SUNDAY, Feb. 27 • Red Cross Blood Drive, 12:30-5 p.m., Faith Baptist, 203 N. Main St., Faith. For an appointment, call Pat Barton at 704-279-7736.
MONDAY, Feb. 28 • The Kneeling Gardeners — 7 p.m., Feb. 28: Wendy Austin-Sellers with a program on growing orchids. Anyone interested in gardening is invited to attend. Trinity United Methodist Church, Kannapolis.704-933-1127.
YESTERDAY: Civil War survivor John W. patterson Jr. of spencer shared this 1908 postcard from his collection which shows the old Rowan County Courthouse, built in 1854. Located at 202 N. main street, salisbury, the courthouse survived stoneman’s raid toward the end of the Civil War and is considered one of the finest examples of pre-Civil War architecture in North Carolina. today it houses the collections of the nonprofit Rowan museum inc. its second-floor courtroom also has been transformed into a popular public gathering place. Rowan museum inc. was founded in 1953 to collect, preserve, research and educate the public about the history of Rowan County and the piedmont region. After a new courthouse was built, this building was used for many years as administrative offices for Rowan County.
Exercise to African music at the YMCA What a night it was! This past Thursday we had our first African Dance class led by Sakinah Shakoor Riley. Her dad, Abdul Shakoor, friend Jahlove Maa’t, and guest-musician Larry Conner and YMCA High School youth all played African drums and other instruments. A couple of months ago Sakinah came to me after a Bodycombat class and let me ESTER know that she MARSH would love to become an instructor at our YMCA. Our Y is very blessed to have great instructors and a great variety of classes. She gave me her ideas of what she wanted to teach and I jumped at the opportunity. African Dance classes, what a great addition to our programs. I don’t know if it is because I am from a different country, but I love to learn and experience other cultures, especially their music and dances. So, after we met and she got hired she asked if she could have live music. How much fun is that? I am always trying to find different ways to get people moving. And what better month to start a African Dance class than February, Black History Month. Speaking to Abdul, his love for his heritage, the music and dances shows while he is drumming and singing while we dance and exercise. Beating the drums and other instruments takes good listening skills, Abdul said. He loves to teach anyone who is interested, especially the children. By listening they learn to duplicate the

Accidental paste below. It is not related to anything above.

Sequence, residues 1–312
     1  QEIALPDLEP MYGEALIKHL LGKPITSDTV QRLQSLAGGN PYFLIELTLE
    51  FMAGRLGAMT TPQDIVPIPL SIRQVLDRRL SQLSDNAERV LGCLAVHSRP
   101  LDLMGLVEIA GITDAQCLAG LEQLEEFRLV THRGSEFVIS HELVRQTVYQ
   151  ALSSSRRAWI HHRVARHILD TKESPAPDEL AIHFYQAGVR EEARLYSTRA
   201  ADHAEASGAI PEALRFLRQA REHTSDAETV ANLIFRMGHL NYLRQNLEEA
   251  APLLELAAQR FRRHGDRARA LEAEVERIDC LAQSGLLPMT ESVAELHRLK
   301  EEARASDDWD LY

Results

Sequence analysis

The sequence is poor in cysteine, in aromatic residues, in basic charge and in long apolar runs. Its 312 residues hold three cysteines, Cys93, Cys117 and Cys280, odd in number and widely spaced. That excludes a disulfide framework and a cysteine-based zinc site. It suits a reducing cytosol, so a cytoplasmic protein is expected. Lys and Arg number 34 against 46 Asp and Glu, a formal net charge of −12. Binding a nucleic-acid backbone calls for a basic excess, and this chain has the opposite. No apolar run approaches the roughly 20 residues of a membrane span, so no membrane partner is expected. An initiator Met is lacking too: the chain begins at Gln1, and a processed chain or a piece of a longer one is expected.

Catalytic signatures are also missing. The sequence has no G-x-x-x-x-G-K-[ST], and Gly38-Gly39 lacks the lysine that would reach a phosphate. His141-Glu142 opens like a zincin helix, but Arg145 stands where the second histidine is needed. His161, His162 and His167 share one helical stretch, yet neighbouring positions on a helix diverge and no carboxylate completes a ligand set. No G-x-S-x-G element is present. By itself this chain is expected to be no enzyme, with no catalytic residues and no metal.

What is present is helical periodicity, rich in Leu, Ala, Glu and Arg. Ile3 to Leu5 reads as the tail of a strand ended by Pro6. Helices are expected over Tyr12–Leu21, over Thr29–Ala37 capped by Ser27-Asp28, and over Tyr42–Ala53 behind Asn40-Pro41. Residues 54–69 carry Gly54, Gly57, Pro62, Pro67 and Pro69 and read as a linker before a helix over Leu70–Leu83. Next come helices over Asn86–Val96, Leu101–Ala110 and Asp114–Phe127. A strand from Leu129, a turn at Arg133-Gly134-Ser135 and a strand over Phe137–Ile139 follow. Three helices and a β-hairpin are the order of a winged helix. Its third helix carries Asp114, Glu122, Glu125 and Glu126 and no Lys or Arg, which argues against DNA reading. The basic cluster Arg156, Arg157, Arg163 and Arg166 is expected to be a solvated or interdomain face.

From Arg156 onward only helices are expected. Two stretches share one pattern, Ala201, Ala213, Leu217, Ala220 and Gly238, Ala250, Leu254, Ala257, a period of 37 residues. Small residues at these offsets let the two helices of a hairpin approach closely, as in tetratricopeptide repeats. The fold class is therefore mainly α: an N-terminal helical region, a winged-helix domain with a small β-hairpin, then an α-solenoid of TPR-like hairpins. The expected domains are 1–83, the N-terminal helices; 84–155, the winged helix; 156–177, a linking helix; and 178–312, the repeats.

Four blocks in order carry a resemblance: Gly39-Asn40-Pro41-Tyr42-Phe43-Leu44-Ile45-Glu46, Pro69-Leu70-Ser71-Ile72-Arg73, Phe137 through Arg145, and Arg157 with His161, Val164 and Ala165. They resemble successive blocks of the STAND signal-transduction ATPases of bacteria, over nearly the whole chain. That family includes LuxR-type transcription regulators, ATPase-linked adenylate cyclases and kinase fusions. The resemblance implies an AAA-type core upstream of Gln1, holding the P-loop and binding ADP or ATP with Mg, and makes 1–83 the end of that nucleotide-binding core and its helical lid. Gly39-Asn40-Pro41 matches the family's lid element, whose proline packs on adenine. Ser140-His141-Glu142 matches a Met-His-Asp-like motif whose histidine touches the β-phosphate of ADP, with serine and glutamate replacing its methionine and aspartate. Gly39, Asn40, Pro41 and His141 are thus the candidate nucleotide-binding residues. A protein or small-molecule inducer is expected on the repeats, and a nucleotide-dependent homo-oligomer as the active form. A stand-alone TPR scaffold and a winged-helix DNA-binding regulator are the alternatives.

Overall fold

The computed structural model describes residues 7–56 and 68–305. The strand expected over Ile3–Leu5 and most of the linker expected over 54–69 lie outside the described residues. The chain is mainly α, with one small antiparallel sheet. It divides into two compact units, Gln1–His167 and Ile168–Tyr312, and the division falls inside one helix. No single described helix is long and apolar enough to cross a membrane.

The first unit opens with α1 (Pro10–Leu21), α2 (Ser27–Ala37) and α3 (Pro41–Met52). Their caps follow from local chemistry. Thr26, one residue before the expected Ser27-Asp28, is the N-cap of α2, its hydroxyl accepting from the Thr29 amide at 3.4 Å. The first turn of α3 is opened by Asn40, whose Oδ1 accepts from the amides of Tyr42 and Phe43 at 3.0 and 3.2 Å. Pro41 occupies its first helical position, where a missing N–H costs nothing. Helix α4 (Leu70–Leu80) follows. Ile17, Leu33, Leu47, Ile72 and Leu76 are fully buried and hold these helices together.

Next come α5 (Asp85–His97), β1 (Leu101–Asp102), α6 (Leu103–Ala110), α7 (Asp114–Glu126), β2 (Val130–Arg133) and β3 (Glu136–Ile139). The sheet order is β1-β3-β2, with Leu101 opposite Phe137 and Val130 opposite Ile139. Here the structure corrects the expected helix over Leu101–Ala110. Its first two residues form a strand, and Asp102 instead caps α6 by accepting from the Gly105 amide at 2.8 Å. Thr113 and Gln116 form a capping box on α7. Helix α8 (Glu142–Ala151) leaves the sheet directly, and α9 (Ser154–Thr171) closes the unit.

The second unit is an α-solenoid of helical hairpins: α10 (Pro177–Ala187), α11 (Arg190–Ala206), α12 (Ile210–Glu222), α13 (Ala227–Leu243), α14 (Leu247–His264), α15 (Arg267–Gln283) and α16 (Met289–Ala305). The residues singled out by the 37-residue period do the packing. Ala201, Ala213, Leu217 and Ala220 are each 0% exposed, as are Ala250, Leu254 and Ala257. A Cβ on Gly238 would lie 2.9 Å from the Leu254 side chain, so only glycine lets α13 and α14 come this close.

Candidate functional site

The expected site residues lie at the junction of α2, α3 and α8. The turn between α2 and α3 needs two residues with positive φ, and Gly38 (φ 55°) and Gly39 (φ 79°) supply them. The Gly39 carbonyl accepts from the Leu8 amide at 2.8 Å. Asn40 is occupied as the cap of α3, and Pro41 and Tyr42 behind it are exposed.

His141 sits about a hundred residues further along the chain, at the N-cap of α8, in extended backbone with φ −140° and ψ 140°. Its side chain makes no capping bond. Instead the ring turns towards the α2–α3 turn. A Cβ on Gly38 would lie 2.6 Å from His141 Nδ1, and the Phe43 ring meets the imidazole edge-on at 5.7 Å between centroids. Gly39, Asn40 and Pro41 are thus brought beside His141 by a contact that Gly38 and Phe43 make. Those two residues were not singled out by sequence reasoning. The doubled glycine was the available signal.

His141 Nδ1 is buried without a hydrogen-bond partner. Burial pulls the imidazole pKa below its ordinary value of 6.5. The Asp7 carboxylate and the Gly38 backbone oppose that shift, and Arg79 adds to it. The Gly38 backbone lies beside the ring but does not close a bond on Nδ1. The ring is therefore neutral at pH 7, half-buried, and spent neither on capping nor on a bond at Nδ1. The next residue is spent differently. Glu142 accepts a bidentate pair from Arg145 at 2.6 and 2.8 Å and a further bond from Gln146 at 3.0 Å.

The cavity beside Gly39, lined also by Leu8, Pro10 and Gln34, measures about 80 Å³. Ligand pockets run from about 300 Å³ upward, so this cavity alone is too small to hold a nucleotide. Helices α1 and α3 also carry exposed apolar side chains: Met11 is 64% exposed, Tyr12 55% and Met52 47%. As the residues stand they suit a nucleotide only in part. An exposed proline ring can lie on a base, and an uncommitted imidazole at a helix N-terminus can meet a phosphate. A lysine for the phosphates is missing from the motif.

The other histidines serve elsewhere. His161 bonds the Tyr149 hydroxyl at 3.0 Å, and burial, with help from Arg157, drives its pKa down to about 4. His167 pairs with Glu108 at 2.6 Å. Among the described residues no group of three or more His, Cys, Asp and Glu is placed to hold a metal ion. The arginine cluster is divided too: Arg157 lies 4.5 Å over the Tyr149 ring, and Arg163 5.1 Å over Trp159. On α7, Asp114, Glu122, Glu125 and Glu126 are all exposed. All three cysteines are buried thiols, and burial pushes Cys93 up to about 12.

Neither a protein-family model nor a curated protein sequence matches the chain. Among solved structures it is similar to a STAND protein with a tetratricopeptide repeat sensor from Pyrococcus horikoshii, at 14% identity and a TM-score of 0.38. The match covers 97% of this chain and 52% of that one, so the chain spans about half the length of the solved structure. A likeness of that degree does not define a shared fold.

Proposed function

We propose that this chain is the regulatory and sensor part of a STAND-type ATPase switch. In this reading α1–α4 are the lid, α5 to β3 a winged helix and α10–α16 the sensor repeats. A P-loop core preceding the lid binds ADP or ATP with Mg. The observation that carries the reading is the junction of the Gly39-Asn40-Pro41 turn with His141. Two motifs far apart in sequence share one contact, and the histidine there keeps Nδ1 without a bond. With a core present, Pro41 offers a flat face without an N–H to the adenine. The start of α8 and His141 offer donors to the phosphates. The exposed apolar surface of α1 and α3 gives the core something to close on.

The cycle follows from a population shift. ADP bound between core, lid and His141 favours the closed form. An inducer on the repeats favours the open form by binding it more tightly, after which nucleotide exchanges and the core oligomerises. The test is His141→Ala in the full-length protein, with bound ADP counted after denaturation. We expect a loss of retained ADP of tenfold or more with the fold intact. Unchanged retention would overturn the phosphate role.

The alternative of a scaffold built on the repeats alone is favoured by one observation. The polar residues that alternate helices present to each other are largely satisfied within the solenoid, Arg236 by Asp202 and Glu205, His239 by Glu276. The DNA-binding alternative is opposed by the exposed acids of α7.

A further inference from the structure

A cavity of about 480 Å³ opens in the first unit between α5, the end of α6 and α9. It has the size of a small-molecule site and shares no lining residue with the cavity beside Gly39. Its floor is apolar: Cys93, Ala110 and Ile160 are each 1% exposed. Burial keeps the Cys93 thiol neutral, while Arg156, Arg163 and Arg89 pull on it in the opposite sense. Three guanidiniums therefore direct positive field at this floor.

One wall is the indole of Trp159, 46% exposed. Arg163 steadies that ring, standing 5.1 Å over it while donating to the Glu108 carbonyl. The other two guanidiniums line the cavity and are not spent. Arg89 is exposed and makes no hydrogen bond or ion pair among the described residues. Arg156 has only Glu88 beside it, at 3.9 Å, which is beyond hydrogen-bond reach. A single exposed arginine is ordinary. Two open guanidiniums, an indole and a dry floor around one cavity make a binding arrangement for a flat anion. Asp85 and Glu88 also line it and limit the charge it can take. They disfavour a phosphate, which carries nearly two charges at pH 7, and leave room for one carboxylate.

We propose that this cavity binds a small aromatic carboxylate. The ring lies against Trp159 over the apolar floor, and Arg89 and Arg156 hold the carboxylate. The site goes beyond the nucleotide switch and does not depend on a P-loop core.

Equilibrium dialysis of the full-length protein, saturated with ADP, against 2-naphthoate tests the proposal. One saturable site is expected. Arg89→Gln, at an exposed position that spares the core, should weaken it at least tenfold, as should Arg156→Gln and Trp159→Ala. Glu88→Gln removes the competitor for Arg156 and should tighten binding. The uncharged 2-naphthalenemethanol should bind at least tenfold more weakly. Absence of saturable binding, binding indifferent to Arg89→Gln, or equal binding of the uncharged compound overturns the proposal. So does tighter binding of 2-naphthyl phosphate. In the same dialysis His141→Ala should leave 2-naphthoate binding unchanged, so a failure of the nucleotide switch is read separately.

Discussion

the YmCA offers a new African dance program that mixes a workout with cultural exchange. rhythms and before we knew it they were making music with Abdul while we were dancing. We started with a dance called Nago. It comes from Haiti and this particular dance is a warrior dance. After we were warm and sweaty we did the Waka Waka by Shakira. This song was played at the World Cup in South Africa, followed by Funga Alafia (welcome all). The Bird dance, choreographed by Sakinah, and Ba Na Na Way, a Brazilian Capoeira, which is a type of dance that mix-
es martial arts and dance together. Everyone was able to follow and everyone worked out hard while having a great time. After we showcased our moves with the music the time flew by and it was time to cool down and stretch. All in all, a great workout, a fabulous time and a wonderful cultural learning experience. Exercise is so important as we all know. And for some people “normal” exercise, such as a treadmill, is almost as bad as a root canal for some people. Don’t give up. There are ways
to exercise that you might enjoy, such as African Dance, Zumba, Hip Hop. Or how about Body Combat and Boot Camp? You like the water? Swim, take water exercise classes, find something that you can do to include exercise into your lifestyle. I promise you, you will feel better. Maybe Sakinah and I (as a participant) will see you at our African Dance Class with live music on Thursday at 6:30 p.m., right after our Zumba class in the Multi Purpose room. Ester Marsh, ACSM Cpt